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Author: Subject: Good solvent system for separating aromatic amines and/or oximes on alumina TLC plates?
Melgar
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[*] posted on 6-10-2017 at 17:54
Good solvent system for separating aromatic amines and/or oximes on alumina TLC plates?


I have DCM, chloroform, hexane (mixed isomers), n-heptane, diethyl ether, toluene, acetone, methanol, ethanol, isopropanol, n-butanol, ethyl acetate, acetonitrile, MEK, DMF, triethylamine, GAA, and probably a few others that it wouldn't make much sense to use. Ethyl acetate + hexane rarely if ever moves amines from their starting position, and a mixture of DCM and methanol just made a mess.

I've had a hard time finding references for mobile phase combinations that work for alumina, since they always seem to be for silica. Though, I have found references indicating that alumina is supposed to work better for amines due to its slightly basic characteristics, but they don't specify what solvents to use.




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[*] posted on 6-10-2017 at 18:24


Ethyl acetate and methanol 2:1 with a few drops of ammonia solution worked well for me to separate tryptamine from byproducts on silica gel. 0.5 to 1% triethylamine would have been better probably, but I didn't have any and ammonia worked fine. Maybe with basic alumina the basification of mobile phase wouldn't be necessary.
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[*] posted on 6-10-2017 at 18:38


Melgar,

I have chromatographed fairly strongly basic amines on Woelm Activity 3 alumina using ether-benzene mixtures. I did this years ago when benzene was considered innocuous. The separations were clean and sharp.

You could use silica gel with butanol-acetic acid -water (40:10:50 - use upper layer). Ethyl acetate is sometimes included in the mix. Benzene-methanol (95:5), ethyl acetate-methanol-formic acid (80:10:10) and dibutyl ether-ethyl acetate-acetic acid (50:50:5) have been used for aniline type bases on silica gel. The benzene-methanol solvent tends to work best with simpler aromatic amines.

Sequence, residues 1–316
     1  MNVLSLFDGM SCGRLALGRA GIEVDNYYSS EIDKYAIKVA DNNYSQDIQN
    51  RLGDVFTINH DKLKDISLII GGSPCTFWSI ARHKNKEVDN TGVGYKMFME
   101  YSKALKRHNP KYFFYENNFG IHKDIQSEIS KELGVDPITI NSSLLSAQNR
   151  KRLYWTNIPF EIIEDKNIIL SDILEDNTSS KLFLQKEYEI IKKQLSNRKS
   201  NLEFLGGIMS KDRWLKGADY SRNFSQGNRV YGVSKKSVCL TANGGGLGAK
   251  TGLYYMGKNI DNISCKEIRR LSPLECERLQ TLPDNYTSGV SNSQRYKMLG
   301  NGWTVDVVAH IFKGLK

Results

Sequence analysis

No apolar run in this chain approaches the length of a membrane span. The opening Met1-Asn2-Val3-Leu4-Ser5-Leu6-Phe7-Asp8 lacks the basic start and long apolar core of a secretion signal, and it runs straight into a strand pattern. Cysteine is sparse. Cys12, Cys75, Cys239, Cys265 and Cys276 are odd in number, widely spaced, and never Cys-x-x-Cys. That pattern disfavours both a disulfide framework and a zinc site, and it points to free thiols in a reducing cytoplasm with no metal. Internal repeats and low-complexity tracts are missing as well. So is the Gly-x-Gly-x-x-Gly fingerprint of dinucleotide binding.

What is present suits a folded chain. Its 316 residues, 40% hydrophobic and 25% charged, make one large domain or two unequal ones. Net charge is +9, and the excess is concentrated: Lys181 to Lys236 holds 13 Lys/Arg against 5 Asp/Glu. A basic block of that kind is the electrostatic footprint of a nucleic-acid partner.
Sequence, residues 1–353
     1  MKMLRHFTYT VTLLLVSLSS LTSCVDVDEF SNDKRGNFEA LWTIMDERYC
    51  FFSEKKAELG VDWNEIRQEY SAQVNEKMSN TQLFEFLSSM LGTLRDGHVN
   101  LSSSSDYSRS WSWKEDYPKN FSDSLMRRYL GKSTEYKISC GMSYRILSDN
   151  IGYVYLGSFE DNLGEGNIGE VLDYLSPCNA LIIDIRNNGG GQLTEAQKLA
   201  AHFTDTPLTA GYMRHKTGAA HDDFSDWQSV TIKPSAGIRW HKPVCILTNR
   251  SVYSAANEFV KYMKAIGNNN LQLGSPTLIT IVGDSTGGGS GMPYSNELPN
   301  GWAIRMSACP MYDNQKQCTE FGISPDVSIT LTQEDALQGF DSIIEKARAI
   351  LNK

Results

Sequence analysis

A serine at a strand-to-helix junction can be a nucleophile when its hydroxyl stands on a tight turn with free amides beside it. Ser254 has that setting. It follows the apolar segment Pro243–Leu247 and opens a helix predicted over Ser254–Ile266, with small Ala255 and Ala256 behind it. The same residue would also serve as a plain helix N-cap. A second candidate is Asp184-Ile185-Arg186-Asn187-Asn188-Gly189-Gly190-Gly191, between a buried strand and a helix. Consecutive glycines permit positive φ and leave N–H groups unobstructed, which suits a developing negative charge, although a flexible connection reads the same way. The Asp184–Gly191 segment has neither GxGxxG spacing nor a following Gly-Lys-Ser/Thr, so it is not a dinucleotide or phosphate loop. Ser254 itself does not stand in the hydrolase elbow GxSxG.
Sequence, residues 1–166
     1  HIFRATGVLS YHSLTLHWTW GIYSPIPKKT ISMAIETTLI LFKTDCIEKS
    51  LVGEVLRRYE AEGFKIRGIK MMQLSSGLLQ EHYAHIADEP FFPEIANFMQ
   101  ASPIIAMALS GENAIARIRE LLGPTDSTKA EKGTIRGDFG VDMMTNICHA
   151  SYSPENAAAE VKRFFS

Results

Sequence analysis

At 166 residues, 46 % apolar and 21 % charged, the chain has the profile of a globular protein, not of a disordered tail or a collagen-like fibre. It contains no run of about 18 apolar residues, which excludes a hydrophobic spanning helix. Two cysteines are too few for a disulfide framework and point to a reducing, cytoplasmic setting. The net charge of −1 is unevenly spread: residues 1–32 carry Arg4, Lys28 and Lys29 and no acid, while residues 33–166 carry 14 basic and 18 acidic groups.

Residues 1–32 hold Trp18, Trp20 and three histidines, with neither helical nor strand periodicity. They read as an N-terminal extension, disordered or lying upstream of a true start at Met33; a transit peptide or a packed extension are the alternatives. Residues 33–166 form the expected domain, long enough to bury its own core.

Oximes of benzaldehyde derivatives separate on silica gel using benzene-ethyl acetate (83:17). The syn and anti isomers can be separated.

This information comes from Stahl's book "Thin-Layer Chromatography"

AvB
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Melgar
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[*] posted on 6-10-2017 at 19:14


Quote: Originally posted by AvBaeyer  
Melgar,

I have chromatographed fairly strongly basic amines on Woelm Activity 3 alumina using ether-benzene mixtures. I did this years ago when benzene was considered innocuous. The separations were clean and sharp.

I don't have any silica TLC plates, but I do have ether and toluene. Any reason that mixture might not work? In my experience, mixtures that are indicated to work well for silica are kind of a crapshoot with alumina, and the ratios need to be adjusted. For example, hexane and ethyl acetate worked with alumina, but I needed to use ratios of more like 60:40 than the 90:10 that I seemed to keep finding in literature.




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AvBaeyer
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[*] posted on 7-10-2017 at 19:10


There are several variables which have large effects on the utility of alumina plates.

1. Are your plates acid, basic or neutral alumina? This is always stated as part of the labeling. The chemical state of the alumina has a huge effect on separation and the type of compounds that can be separated and what solvents can be used. In general, most plates are neutral.

2. Exposure to moisture has a much larger effect on alumina than silica plates. If your plates are old or have been stored by just lying around, you may want to try drying them gently in an oven, say at 100 C or so. Chances are your plates were originally Activity 2 or 3 since water would have been used in the manufacture of the coating. If your plates have absorbed significant moisture, you will need to use more polar solvent mixtures for polar compounds and less polar solvents for non-polar compounds.

Alumina hydration is denoted by the "Brock" numbers. Activity 1 is anhydrous, Activity 2 has a certain amount of water added to Activity 1 material and so on. I do not recall the exact amounts of water at each activity level. However, Activity 3 is usually the most often used.


3. Are your plates glass or plastic? Though some claim no difference between the two, I have generally observed otherwise. Plastic seems to require less powerful solvent mixtures ( ie less polar). This may be due to the very thin coatings on plastic and the tendency to overload the plate when spotting - just speculating here.

*Toluene and ether mixtures should work.
* There is no reason to expect that solvent systems for silica can be transferred to alumina. They are two very different chemical absorbents.

Hope this helps,

AvB

[Edited on 8-10-2017 by AvBaeyer]
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[*] posted on 8-10-2017 at 03:17


Just to clarify, are you taking about aromatic amines (i.e. aniline "derivatives") or aliphatic amines with a pendant aromatic ring?

I've columned aromatic amines (well, heteroaromatic amines) on silica with EtOAc-Hexane mixtures. Sometimes as little as 20% EtOAc (depending on other groups), but usually around 50%

If you're talking about an aliphatic amine, then I'd suggest something like EtOAc, or up to 20% MeOH-DCM or EtOAc (all on silica). You may need 0.1% triethylamine added if you've got something stubborn. If it still won't move then you're really looking at C18 (reverse phase) chromatography.

In my experience (granted, not as extensive as AvBaeyer), alumina only comes out to play if there is a stability issue with silica...
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